Saturday, 28 February 2009

Fincham on Good Faith

I really cannot agree with Derek Fincham’s earlier ideas on the Portable Antiquities Scheme, but was intrigued by his latest offering, a draft paper Fraud on Our Heritage: Towards a Rigorous Standard for the Good Faith Acquisition of Antiquities in which he discusses the theoretical underpinning for "a new and rigorous standard for the acquisition of art and antiquities". I bet that will not make him too popular with the no-questions-asked portable antiquities dealers. Although he begins with an example from the UK, the paper quickly focuses on US law and US legalese, perhaps the title should reflect that. Some of the legalese was a bit above my head but I gather this good faith business is a little more complex than US portable antiquity dealers like to pretend. His conclusion is:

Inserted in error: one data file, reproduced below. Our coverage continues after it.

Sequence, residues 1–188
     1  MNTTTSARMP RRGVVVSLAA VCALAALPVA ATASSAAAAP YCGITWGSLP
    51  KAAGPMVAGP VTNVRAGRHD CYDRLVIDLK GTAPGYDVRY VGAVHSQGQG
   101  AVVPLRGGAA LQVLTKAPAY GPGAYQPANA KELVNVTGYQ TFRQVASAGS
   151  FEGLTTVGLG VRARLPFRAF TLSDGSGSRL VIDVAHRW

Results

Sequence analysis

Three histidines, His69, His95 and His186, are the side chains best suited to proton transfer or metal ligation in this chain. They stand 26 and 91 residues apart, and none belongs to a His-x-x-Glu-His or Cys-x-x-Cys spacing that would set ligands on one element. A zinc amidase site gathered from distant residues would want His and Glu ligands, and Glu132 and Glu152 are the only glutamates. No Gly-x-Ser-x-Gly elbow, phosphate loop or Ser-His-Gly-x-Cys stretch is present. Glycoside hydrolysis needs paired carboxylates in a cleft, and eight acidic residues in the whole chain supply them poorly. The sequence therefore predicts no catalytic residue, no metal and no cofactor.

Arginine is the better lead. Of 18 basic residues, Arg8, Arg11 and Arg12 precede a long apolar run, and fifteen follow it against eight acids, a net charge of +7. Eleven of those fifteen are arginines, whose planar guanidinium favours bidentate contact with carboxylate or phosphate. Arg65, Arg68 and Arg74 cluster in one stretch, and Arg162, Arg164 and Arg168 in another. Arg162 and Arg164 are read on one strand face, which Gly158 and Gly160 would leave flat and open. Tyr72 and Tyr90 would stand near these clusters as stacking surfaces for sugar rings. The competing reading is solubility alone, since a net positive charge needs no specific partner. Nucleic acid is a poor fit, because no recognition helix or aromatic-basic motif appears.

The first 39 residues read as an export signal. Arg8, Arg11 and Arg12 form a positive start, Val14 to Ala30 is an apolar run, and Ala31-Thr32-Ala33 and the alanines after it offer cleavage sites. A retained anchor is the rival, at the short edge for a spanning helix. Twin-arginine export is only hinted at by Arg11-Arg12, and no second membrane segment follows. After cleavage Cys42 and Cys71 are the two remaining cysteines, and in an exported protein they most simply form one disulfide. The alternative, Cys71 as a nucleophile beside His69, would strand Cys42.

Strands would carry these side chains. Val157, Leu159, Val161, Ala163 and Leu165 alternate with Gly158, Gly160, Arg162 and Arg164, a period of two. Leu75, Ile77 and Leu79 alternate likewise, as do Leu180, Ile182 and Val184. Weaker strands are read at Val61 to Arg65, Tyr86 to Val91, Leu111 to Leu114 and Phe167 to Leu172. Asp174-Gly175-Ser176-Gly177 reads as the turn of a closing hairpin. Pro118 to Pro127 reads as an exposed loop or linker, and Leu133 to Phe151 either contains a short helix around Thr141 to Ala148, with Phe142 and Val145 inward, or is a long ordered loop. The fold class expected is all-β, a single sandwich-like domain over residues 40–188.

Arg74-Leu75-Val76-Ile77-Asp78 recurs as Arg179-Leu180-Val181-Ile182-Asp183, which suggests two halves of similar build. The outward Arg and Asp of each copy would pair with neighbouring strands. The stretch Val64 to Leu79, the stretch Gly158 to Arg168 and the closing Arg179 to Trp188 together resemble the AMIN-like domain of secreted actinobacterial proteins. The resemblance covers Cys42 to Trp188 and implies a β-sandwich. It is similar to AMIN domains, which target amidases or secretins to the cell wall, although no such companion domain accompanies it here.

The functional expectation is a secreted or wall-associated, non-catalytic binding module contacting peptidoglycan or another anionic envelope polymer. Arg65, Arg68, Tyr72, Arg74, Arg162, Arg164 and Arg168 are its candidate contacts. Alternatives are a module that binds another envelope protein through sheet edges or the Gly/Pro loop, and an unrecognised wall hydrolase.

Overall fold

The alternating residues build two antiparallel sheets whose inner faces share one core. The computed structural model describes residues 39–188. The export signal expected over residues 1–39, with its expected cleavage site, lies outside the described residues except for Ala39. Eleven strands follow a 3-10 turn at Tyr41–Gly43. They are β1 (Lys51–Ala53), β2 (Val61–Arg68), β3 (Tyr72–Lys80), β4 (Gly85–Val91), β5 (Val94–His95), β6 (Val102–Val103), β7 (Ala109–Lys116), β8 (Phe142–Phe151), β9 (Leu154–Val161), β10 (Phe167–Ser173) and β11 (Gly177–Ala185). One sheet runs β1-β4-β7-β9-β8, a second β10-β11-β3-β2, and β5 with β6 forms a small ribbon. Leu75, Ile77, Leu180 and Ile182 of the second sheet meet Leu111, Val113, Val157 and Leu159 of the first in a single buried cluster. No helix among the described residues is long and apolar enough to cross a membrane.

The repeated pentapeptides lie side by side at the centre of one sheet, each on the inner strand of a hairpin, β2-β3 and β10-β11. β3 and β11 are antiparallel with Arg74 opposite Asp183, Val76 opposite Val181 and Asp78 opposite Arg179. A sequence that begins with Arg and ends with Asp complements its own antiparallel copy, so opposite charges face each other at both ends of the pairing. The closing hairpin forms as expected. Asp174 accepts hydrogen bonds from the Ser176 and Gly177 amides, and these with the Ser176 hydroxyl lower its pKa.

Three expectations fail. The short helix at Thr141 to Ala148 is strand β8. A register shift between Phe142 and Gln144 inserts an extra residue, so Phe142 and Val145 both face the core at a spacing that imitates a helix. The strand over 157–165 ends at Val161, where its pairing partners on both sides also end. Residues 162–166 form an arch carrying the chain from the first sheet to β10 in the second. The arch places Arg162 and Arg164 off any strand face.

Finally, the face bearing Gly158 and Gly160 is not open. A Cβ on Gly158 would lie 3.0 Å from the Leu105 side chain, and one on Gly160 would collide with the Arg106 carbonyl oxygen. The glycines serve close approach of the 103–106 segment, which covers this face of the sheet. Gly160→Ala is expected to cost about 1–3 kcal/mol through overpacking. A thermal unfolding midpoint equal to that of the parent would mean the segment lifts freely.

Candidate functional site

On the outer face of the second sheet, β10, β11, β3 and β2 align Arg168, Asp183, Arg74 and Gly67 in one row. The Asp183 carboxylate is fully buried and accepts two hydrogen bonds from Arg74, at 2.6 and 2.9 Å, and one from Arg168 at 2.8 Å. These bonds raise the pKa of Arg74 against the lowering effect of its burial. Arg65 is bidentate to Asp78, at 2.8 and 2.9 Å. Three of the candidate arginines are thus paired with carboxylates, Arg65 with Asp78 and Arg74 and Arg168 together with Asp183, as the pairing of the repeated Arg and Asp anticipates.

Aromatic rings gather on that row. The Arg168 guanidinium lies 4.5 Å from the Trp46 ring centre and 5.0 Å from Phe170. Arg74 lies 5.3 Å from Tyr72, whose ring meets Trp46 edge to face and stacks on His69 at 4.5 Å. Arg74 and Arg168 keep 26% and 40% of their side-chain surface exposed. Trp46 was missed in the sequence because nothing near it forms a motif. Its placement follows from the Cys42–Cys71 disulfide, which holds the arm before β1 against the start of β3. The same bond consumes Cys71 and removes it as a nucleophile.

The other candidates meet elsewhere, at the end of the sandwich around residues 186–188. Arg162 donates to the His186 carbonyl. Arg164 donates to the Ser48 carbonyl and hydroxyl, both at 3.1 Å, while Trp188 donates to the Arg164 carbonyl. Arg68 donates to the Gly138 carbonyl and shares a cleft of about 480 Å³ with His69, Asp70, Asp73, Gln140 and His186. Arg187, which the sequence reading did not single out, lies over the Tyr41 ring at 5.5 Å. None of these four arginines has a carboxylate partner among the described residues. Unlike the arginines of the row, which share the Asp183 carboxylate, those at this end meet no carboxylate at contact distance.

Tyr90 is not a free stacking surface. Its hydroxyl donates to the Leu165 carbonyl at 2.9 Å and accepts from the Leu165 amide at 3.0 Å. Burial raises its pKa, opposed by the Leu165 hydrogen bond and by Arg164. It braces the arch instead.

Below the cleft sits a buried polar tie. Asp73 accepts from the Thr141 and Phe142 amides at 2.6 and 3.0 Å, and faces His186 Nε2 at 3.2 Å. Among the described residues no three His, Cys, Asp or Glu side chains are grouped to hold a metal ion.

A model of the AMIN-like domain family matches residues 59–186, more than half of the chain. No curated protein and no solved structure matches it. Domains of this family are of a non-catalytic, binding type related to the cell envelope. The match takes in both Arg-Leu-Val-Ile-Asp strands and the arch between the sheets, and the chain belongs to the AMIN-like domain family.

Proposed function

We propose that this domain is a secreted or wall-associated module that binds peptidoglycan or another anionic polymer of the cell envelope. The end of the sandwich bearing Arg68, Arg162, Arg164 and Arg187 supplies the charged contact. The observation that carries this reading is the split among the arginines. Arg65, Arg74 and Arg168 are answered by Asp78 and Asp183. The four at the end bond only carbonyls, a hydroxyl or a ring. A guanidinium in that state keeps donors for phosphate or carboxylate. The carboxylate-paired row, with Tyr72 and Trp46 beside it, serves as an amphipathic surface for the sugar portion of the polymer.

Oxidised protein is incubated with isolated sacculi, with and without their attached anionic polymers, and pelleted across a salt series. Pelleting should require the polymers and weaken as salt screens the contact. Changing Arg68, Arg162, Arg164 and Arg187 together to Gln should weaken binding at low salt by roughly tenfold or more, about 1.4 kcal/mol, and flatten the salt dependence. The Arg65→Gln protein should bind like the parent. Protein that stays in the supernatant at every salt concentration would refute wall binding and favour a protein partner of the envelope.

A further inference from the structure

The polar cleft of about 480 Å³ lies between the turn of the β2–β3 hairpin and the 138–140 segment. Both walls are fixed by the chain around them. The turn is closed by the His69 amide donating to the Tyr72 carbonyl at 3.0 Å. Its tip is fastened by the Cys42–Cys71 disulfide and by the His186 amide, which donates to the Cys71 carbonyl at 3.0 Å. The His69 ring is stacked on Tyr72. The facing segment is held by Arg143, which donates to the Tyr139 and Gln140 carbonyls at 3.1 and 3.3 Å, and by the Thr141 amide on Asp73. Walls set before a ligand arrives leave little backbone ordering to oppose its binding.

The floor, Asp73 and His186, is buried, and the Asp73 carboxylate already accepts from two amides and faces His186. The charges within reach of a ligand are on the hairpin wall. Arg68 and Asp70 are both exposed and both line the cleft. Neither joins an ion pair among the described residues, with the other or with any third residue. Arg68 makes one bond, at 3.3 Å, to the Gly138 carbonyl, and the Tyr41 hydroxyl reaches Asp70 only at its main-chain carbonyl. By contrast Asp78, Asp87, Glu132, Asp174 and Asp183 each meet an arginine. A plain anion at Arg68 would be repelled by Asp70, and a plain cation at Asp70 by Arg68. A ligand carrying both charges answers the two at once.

No presumption as to good faith should be tolerated any longer. Rather increased scrutiny of the antiquities trade is needed in which objective evidence of a purchaser's investigation of the legitimate title of the object in question must be the bare minimum for the acquisition of good faith in a given transfer.
With which I wholeheartedly agree.
Photo: Swiss Tony, used car dealer. He has a nice suit and a way with words, but would you trust him enough to buy undocumented goods from him?

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